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upgrade Atlas lathe motor

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  • upgrade Atlas lathe motor

    recently acquired an Atlas V42 lathe (nearly as old as I am)in real good shape! Working fine ,cuts threads but no QC - it seems to me
    that it is slightly underpowered -has 1/3 hp
    old GE motor 1725rpm,v-belts and die cast gears -mounts a 8" Craftsman 4 jaw chuck (bought separately) have turned out some nice tools and pieces Would like some input about increase the HP to 1/2 1725rpm Is it feasible,has it been done,was the original
    motor this small? have the room to fit the larger motor easily !! any thoughts gratefully accepted !!

  • #2
    Some of the old 1/3 HP motors will out run a modern day 1/2 or 3/4 HP motor. If you are having problems with stalling, a 1/2 HP motor will not be too big.

    One of the weaker links in these lathes is the leadscrew drive box. A jamup can damage the bevel gears before the belt slips.
    Jim H.


    • #3

      Have you considered a 3 phase motor with a VFD. Under 1 hP they are relatively inexpensive. It would give you the flexability to have varible speeds with each gear. Down to about 15% and up to about 175%. You can do this to the touch of a button. I converted my 3 hp single phase lathe from 3 hp 1 phase to 5 1/2 hp 3 phase and added a Westinghouse FM-100-205 VFD. Have not regreted it one bit and have not looked back since. It has plenty of torque and I can slow down the back gear to 12 RPMs or speed it up to 200 RPMS. In high gear I can slow it down to 1200 or speed it up to 3800. There unlimited numbers of speeds between.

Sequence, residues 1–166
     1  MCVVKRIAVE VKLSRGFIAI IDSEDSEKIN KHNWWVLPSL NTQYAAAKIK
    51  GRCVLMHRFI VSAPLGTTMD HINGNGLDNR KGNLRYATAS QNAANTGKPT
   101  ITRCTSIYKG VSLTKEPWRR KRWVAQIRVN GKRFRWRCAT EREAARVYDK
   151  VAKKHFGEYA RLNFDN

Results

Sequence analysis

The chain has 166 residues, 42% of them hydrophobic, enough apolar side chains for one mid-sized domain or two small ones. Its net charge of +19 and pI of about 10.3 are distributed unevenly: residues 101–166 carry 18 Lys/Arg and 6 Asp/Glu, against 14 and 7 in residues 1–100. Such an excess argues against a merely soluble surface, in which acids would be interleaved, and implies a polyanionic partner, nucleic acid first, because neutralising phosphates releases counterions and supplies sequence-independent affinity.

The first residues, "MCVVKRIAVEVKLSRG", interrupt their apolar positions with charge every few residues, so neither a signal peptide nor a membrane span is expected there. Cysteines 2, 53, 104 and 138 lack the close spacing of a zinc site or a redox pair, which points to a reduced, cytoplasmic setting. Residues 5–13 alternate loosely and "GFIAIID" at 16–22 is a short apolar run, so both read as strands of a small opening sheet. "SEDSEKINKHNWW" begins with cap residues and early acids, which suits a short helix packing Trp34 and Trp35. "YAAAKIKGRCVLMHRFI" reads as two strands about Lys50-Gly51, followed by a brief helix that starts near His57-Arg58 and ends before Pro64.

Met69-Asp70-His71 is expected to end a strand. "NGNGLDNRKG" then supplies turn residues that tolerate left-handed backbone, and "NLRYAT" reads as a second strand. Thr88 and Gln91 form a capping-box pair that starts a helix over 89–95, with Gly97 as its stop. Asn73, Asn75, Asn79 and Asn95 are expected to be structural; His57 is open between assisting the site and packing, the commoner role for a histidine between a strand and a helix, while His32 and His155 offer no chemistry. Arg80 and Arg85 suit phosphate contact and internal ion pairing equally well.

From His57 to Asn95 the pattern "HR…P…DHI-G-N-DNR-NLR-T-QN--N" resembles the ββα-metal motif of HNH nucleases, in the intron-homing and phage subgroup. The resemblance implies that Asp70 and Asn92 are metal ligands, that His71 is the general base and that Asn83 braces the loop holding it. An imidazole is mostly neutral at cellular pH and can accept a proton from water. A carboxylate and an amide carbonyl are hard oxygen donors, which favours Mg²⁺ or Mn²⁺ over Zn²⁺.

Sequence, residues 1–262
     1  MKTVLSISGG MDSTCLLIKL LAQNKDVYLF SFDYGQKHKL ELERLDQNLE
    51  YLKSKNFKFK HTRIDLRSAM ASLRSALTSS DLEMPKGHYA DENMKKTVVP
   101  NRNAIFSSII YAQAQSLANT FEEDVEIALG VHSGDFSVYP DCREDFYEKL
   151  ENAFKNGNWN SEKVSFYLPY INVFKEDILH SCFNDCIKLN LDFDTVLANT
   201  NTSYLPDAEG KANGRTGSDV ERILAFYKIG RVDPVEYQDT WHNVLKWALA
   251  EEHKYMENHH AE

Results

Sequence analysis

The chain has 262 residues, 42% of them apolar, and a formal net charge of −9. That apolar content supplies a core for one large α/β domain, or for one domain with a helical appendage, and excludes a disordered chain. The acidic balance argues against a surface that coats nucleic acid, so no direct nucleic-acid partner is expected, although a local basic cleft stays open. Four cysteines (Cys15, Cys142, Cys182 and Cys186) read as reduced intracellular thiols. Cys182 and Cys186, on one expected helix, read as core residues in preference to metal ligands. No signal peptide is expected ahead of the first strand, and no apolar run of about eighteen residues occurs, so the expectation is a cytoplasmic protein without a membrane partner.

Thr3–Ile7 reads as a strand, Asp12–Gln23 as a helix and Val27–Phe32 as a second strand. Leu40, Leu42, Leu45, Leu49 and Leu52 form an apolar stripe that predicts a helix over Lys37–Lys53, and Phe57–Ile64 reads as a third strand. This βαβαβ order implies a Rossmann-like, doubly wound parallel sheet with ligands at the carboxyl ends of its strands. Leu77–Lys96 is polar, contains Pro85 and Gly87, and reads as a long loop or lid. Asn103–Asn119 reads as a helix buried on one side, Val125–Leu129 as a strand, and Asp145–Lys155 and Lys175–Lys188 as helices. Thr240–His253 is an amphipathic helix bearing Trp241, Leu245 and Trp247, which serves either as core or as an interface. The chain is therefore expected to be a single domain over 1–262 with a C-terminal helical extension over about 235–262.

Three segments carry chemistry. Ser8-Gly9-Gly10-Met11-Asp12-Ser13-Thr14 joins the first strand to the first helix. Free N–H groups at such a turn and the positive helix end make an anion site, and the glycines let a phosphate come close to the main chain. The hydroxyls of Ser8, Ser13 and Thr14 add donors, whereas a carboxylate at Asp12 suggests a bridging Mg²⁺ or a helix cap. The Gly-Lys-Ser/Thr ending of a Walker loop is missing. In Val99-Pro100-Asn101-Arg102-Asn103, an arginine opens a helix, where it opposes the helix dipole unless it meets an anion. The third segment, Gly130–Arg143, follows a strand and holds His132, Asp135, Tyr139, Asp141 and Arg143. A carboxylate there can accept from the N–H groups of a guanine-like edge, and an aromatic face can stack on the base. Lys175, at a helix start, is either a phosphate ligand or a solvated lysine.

Good Luck Rustystud


      • #4
        Just my two cents, but I'd stick with the original motor or one rated the same as it could be possible to over power and strip some teeth from the alloy gears and then you'd really be in trouble.


        • #5
          With the old 10" Atlas I have, the drive belt has always slipped before I ran out of power in the motor. 1/2 hp will be plenty. Actually 1/3 may work very well for you.

          The motor on mine hangs from the rear of the factory stand, and I usually let the weight of the motor provide tension on the belt. This way, the belt will slip before anything gets damaged. The small step of the motor pulley doesn't allow for a very long wrap of the drive belt, so if you do need more power for things like drilling large holes, I then tighten the belt with the adjuster bolt.

          The relatively light construction of the Atlas/Craftsman won't allow you to take heavy cuts, anyway. Too much flex in the carriage/crosslide/compound/toolpost assy. This is not to say that you can't do a lot of work with one, because I have. But light cuts are in order, and make sure your tools are sharp.

          Regards, Tim
          I cut it off twice; it's still too short
          Oregon, USA


          • #6
            Hey, Tim! Would you say that an Atlas will teach you to be a Machinist, not a "Hogger"? Mine sure did!!


            • #7
              To all,
              Just a little side note. While watching a show on the History Channel about the Manhatten Project (A-Bomb), I noticed, in one scene, what looked to be a 10" Atlas Lathe in the background. I wish they had held the camera in that spot for a little longer. I thought it was kind of interesting that an Atlas lathe played some sort of roll, however small, in ending WWII.
              Ed Pacenka


              • #8
                <font face="Verdana, Arial" size="2">Originally posted by Rustystud:
                Have you considered a 3 phase motor with a VFD. Under 1 hP they are relatively inexpensive. Good Luck Rustystud </font>
                VFD= ???
                What price range do you consider as inexpensive for this mod?
                Where can we find more info on a unit under 1HP?